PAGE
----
How can you use Japanese spatial concepts in your home? Your garden? Your office? Will doing so make you more mindful?
These concepts may seem abstract, but they are buildable concepts. As you can see in the Katsura Imperial Villa and the Itsukushima Shrine, these concepts are not imaginary. They are present in concrete ways.
When designing a space, we may think that these philosophies are too complex to apply to everyday spaces. We may think that concepts like Ma and Michiyuki are reserved for shrines and imperial villas. But by looking at these examples, we can see how these abstract ideas can be tangibly used in architecture. From there, we can start to translate Japanese spatial concepts to the places we use most.
Because Japanese architecture and gardens blur the self/space boundary, when we are in these spaces we feel more mindful. Japanese spatial concepts have been developed over thousands of years, and can be applied to today’s architecture. You do not need to travel far to experience this—these ideas give you the tools to design mindful spaces on your own.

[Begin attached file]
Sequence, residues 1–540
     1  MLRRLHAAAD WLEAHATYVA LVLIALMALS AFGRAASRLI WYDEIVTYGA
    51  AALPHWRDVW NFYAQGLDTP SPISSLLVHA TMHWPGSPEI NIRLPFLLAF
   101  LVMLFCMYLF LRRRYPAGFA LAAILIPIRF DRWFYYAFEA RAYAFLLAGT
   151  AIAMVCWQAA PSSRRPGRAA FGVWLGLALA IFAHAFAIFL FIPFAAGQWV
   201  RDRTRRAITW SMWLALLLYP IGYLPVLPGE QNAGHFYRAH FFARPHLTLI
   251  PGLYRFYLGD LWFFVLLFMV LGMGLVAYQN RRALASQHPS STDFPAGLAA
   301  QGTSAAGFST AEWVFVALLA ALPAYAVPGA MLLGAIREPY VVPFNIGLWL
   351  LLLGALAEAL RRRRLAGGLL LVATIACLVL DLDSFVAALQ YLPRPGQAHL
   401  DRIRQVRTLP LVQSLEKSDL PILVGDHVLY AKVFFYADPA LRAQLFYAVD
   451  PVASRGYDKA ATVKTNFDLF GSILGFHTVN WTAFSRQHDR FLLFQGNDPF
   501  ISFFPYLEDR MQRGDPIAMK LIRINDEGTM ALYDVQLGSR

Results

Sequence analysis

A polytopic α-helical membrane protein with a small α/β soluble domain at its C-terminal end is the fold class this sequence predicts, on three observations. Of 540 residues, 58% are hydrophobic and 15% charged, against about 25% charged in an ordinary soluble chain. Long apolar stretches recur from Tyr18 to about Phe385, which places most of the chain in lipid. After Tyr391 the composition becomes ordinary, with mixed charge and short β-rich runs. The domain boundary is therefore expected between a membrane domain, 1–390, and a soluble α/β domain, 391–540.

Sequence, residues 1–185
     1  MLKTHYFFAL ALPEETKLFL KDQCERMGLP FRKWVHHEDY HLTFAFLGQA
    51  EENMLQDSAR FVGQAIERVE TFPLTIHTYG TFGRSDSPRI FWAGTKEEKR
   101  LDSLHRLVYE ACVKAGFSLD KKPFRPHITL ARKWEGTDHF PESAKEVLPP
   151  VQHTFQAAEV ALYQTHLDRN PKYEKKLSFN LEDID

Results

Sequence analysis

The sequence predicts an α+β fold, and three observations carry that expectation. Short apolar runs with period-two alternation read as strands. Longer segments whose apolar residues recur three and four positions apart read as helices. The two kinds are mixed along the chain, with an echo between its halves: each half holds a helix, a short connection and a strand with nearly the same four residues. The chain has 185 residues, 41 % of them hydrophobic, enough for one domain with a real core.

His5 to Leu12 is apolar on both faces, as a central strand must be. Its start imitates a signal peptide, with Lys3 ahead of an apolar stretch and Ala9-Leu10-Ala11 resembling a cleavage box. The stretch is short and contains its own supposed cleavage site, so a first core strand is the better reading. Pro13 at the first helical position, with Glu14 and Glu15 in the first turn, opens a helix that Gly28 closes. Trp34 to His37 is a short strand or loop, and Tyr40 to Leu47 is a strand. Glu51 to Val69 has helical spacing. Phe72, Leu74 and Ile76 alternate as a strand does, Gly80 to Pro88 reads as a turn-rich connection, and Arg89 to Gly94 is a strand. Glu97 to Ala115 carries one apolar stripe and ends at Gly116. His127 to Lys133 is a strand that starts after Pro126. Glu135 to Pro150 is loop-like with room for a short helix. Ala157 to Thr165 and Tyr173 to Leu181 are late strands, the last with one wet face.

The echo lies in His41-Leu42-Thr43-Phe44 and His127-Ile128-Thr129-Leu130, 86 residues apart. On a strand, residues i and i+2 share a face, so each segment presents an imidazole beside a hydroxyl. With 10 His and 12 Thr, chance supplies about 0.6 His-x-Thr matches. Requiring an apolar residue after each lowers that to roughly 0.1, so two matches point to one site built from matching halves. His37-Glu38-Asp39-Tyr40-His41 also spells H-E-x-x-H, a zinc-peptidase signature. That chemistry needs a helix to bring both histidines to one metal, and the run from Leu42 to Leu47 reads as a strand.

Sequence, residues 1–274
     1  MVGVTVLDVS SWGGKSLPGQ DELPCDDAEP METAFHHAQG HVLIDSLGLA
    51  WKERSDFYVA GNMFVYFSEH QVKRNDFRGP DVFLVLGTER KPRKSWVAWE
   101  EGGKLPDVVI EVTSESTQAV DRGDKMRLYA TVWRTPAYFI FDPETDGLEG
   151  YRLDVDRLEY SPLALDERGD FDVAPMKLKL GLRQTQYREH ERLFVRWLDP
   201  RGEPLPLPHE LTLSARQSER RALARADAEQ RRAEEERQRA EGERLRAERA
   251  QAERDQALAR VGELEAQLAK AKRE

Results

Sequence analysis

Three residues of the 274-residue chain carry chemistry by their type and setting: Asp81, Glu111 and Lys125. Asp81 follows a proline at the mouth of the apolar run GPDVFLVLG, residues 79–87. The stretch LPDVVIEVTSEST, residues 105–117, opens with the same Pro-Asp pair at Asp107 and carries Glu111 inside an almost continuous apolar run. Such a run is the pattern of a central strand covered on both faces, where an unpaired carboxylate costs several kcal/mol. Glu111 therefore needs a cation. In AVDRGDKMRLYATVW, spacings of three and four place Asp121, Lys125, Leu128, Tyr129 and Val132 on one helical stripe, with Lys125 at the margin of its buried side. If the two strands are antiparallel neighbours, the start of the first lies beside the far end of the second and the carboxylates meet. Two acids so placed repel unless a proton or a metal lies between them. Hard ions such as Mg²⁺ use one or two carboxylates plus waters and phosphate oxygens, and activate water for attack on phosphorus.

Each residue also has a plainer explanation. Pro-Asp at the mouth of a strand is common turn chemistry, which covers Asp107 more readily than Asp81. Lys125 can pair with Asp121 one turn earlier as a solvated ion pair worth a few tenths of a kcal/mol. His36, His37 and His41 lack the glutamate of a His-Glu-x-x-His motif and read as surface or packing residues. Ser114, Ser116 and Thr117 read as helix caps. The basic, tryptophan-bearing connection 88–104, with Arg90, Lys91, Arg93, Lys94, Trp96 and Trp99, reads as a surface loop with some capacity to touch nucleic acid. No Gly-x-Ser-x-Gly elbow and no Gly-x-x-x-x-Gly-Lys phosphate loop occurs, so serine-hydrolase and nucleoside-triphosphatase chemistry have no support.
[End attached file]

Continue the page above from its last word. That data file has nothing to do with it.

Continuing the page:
The abstractness of these philosophies allows us to easily translate them into contemporary architecture and design. They are moldable and can be applied to unexpected spaces, such as offices. The question of how to do so is discussed further in the video above.
That is what Penguin Environmental Design does every day: translating these concepts into contemporary gardens, homes and offices. Imagine the spaces you interact with regularly. Think about the ways in which you could apply Japanese spatial concepts to them, and thus experience a greater sense of mindfulness.
This article is based on Yoko Kawai’s talk, “Designing Mindfulness: Spatial Concepts in Traditional Japanese Architecture,” at the Japan Society in New York in May, 2018.